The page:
Yesterday evening I was having a conversation with a local friend, Karann, over a pint of beer at a nearby kopitiam. We got to talking about the recent revocation of work passes here in Singapore. For those who don’t know, ninety-eight people had been investigated, fined, had their work passes revoked, and were banned from ever entering Singapore again during May 1 and June 25. This was for the simple act of drinking, eating and/or socializing either in public areas and private residences. And I figured if ninety-eight were caught, how many were not.
The law changed on June 19, and what we were doing, drinking beer together, was legal. Since that date we’ve been allowed to have social meetings (of no more than five people) though we have to keep our masks on unless we are actually drinking or eating, and we must keep 1 metre apart at all times.
Prior to then, beginning on April 7, people were not permitted to have any social contact with anyone they did not co-habitate with, including immediate family. The only exception to this was children helping elderly parents by visiting them in their home. In any other case, if you engaged in any social contact during this phase of the Covid restrictions, you were liable for a $10,000 fine and six months’ imprisonment.
We spoke about the severity of such measures and we both agreed that, given what we know about transmission of disease, these requirements were essential to protect the health of the community.
I was taken aback then when Karann told me that another friend of ours, Nigel, had asked Karann to his house back in mid-May to have a few drinks, an invitation Karann sternly refused, or so she said.
And with that I started to wonder how many others were prepared to deliberately flaunt the laws emplaced by our hosts, the Singapore Government. I have no idea of the numbers, though I suspect they are higher than I might like to think, and as I wondered I was angered.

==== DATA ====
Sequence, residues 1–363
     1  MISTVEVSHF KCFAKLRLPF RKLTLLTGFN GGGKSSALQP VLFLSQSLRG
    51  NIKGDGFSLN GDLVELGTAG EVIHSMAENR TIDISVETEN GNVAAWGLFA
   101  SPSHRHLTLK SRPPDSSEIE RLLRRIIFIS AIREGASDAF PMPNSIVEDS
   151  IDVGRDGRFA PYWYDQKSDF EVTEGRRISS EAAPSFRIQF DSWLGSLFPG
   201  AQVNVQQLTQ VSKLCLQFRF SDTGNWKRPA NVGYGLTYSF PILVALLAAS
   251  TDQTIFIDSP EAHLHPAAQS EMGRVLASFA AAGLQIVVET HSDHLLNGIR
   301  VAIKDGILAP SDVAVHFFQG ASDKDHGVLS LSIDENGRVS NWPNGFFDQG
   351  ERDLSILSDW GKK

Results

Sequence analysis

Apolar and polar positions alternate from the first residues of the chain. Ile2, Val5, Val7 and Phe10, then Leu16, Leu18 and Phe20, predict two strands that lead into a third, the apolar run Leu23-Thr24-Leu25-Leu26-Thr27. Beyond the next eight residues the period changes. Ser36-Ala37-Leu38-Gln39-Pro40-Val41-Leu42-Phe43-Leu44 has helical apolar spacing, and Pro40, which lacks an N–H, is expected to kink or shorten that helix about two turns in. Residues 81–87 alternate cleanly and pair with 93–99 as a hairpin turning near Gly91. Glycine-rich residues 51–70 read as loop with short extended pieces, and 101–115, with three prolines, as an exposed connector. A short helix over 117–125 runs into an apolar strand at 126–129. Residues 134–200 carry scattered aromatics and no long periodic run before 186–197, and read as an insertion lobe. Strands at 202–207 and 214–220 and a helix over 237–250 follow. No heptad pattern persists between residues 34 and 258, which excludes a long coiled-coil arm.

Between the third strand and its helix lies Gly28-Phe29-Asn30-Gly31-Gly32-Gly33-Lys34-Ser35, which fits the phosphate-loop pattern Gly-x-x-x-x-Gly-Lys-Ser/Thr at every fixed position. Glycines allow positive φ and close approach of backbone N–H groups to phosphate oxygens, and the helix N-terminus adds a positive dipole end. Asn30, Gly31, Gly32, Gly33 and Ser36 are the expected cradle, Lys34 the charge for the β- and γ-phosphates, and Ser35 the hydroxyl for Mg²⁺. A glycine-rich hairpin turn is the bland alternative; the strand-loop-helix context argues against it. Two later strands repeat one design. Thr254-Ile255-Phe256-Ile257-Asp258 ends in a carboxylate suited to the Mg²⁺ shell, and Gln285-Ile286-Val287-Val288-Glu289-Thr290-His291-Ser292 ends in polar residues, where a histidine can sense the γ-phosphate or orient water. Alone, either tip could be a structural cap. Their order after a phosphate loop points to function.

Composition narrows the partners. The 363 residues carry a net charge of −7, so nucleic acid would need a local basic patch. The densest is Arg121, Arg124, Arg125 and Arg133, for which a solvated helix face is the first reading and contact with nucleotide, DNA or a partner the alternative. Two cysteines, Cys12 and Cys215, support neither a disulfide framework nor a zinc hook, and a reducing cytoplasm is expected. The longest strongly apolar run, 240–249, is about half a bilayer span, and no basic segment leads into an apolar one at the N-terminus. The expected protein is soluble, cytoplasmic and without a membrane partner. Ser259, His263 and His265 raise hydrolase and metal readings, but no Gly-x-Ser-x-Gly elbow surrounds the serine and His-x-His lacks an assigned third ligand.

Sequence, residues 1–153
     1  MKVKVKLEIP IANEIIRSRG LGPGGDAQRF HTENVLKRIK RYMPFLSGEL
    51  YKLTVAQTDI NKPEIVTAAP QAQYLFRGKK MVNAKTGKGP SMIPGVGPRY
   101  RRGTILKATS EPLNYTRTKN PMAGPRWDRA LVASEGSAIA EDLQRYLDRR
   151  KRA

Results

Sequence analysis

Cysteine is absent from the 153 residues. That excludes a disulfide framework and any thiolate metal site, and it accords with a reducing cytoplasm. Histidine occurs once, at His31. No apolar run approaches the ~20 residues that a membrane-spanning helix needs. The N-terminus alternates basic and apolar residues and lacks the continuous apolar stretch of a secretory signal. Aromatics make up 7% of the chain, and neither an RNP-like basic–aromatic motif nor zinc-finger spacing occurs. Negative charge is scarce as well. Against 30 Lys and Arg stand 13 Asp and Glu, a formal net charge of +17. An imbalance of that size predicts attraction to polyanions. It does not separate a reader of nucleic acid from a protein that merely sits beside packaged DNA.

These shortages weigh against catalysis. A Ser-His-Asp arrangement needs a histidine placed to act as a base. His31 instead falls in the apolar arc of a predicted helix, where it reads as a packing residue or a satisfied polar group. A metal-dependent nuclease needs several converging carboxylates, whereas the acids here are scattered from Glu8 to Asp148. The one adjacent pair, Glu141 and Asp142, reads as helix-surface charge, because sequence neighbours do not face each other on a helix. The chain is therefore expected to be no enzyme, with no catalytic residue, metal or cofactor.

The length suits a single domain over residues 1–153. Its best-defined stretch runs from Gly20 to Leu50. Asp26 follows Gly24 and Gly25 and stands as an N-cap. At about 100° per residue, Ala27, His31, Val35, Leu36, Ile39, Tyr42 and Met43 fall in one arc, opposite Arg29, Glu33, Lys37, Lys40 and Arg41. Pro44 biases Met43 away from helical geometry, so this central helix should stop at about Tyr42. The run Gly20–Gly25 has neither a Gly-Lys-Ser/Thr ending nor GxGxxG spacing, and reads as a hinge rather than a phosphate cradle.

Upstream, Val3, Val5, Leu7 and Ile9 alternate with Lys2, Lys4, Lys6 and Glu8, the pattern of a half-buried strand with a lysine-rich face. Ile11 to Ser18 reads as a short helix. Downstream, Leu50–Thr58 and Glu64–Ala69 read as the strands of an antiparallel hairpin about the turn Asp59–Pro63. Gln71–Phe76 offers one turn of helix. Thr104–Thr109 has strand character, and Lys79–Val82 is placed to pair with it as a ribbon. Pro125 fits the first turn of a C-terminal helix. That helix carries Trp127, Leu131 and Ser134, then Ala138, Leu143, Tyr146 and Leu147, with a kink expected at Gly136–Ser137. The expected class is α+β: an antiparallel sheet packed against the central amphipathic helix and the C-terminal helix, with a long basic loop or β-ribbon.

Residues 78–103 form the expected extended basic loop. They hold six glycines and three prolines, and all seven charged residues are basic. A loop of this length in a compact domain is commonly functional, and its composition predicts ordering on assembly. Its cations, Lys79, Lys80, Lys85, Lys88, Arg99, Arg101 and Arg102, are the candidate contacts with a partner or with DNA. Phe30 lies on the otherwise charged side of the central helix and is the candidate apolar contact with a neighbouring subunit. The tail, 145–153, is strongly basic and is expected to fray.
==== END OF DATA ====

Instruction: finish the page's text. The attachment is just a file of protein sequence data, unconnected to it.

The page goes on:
I was and still am angry, seething might be the word, at the arrogance and holier than thou attitude that such people have. But I am open to hear their perspective, and so, if I do get the chance to talk with Nigel, I’ll take it.
But really, I’d like to meet one of the morons who broke the law in full knowledge. I can’t meet with one of the ones who got caught as they are no longer here, but I’d welcome any one of you reading this to open up a dialogue so I can understand how you became so morally disengaged that you endangered us for your own gain.
If you have the courage to make contact I’d like to ask “What makes you so special? Who do you think you are to choose to act against the laws of the country that has allowed you to live and work here and against the community norm in ways that threaten the health and perhaps the lives of those around you?”
This is not the same as spitting on the sidewalk, or chewing gum. This is a case of where you have put innocent people at risk.
But I would also like you to know, Nigel and the rest, that if you decide to engage that you should be aware of my perspective on your actions.
I say you should hang your heads in shame.
But you being ashamed would require you to have a conscience. And if you had one, you would not have behaved as you did. So to the ninety-eight who are leaving us I say “I hope you learned from this” while to those others who did not get caught I say “one day you will.”